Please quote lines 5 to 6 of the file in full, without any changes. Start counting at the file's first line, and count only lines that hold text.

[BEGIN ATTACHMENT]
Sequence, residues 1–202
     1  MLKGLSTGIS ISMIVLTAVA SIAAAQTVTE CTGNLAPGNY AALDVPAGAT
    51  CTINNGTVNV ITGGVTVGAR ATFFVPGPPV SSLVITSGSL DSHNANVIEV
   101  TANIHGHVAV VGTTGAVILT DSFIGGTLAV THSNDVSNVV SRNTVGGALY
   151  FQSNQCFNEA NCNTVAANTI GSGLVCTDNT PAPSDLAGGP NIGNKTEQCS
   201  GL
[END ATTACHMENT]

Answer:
   151  FQSNQCFNEA NCNTVAANTI GSGLVCTDNT PAPSDLAGGP NIGNKTEQCS
   201  GL